Many insurers have exited the Alaska marketplace because, due to the state's sparse population, not enough healthy individuals are insured to offset the costs of insuring sick individuals, resulting in significant expenses for both insurance companies and individuals. As The Atlantic reported in 2016, Alaskans are more likely to be uninsured than individuals in much of the rest of the country.
The Sunshine State is, unfortunately, particularly regressive when it comes to making sure its residents have health care. According to WalletHub's 2017 rankings, the state ranks 50 in the nation for number of insured adults and 47 for number of insured children. It also ranks fairly low on nationwide health care rankings.
Moreover, South Florida was recently deemed the "nation's capital of Medicare fraud," according to the Miami Herald. The paper reported that, "in Florida alone, the roughly 80 newly charged defendants were accused of submitting more than $140 million in fraudulent claims to Medicare and private insurance companies for home visits, managed care and prescription drugs that were either not necessary or provided," something that erodes trust in the medical community for patients seeking health care.
As the Las Vegas Review-Journal reported in 2016, Nevada sits at or near the bottom of many nationwide health care rankings. As the paper noted, Nevada "falls well below the national rates of medical doctors per 100,000 members of the population and doctors in patient care per 100,000 population." Nevada's geography also means that citizens in more rural areas have much more limited access to physicians, as a much wider variety of medical services are only available in the state's urban areas, like Las Vegas.
WalletHub also named the state the worst in the country for children's access to health care, as it has the highest number of uninsured children nationwide. Nevada's rapid population growth has likely contributed at least partly to the state's inability to meet its citizens' health care needs.
8. South Carolina
While South Carolina does not rank as egregiously low on the nationwide health rankings as some of the other states listed here, it by no means does well. WalletHub's 2017 rankings listed it as 45th worst in the country for health care and U.S. News and World Report's 2017 rankings have it at 39. However, coupled with these low health care rankings, South Carolina also has one of the most expensive health care systems in the country. In 2016, the Huffington Post reported that the state was the second costliest in the country for health care, with only New York outranking it.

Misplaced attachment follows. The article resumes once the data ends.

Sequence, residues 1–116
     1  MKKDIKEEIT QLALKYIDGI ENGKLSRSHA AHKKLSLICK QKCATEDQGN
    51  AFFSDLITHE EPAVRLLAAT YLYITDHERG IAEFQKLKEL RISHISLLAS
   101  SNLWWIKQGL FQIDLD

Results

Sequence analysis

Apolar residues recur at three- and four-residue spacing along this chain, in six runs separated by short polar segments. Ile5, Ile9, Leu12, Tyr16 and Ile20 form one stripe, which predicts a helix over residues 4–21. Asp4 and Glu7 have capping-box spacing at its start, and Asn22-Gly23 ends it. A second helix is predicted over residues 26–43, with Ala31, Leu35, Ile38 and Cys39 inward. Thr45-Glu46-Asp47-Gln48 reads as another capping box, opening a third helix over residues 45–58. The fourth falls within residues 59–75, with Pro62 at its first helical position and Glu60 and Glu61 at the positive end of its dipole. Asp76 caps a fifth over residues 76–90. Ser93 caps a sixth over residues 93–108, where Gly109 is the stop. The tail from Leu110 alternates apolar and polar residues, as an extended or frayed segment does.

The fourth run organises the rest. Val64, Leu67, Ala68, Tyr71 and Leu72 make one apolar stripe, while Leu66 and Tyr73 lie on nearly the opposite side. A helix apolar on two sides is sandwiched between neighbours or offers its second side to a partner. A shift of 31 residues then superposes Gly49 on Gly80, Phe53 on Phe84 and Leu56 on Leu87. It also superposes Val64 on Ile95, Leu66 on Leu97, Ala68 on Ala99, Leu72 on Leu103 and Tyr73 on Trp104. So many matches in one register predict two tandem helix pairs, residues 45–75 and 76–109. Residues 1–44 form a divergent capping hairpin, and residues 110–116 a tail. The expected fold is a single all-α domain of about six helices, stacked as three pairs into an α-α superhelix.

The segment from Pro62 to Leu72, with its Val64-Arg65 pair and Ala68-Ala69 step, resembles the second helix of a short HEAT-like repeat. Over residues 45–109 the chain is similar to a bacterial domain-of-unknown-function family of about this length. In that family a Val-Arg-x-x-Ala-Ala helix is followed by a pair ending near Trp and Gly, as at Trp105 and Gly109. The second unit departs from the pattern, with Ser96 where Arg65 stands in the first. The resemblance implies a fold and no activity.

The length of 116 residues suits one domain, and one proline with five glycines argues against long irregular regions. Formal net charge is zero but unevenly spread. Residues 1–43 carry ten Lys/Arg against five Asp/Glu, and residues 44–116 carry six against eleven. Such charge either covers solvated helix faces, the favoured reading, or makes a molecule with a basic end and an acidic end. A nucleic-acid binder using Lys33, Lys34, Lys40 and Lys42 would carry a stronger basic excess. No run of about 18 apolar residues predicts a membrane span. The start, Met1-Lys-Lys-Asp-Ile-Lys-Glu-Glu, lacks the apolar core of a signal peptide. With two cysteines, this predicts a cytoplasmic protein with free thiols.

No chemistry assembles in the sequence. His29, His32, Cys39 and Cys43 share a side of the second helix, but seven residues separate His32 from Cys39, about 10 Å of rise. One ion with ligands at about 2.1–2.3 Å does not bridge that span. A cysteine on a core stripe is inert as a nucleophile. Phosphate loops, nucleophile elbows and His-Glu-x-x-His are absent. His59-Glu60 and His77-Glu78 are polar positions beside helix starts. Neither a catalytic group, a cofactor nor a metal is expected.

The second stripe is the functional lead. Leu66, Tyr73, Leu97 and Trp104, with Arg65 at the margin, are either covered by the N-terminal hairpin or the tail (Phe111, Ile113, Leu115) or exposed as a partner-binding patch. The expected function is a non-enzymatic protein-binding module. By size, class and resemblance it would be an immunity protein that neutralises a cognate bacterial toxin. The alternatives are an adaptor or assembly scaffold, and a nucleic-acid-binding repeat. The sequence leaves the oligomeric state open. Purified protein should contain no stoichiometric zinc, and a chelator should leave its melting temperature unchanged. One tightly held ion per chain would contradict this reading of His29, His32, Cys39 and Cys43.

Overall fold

Finally, the state is also particularity egregious when it comes to women's reproductive health and rights. South Carolina has placed 14 restrictions on abortion (the maximum) and also has abysmal women's health outcomes. Indeed, according to Mother Jones, in 2015 the state's maternal mortality rate increased by nearly 300 percent.
Oklahoma also falls within the bottom 10 of several nationwide rankings on health care. For example, U.S. News and World Report ranked the state 48th, with particularly abysmal rankings for public health and health care access. WalletHub ranked the state 39 overall and 50 for the subcategory of "highest percentage of adults without a dental visit in the past year." The Huffington Post also reported last year that Oklahoma residents faced exceedingly high heath care premiums with very limited options for selecting insurers.
Furthermore, the state recently revealed that it is proposing plans to cut the budget of the Oklahoma Department of Mental Health and Substance Abuse Services. If these budget measures are enacted, "case management services for low-income mental health patients" would be almost completely eliminated, according to Enid News.
Overall, hopefully this list served to shed some insight into the many ways that some states still have incredibly regressive health care options and policies. Unfortunately, many places in the United States have a long way to go before they are fully meeting the health needs of their citizens.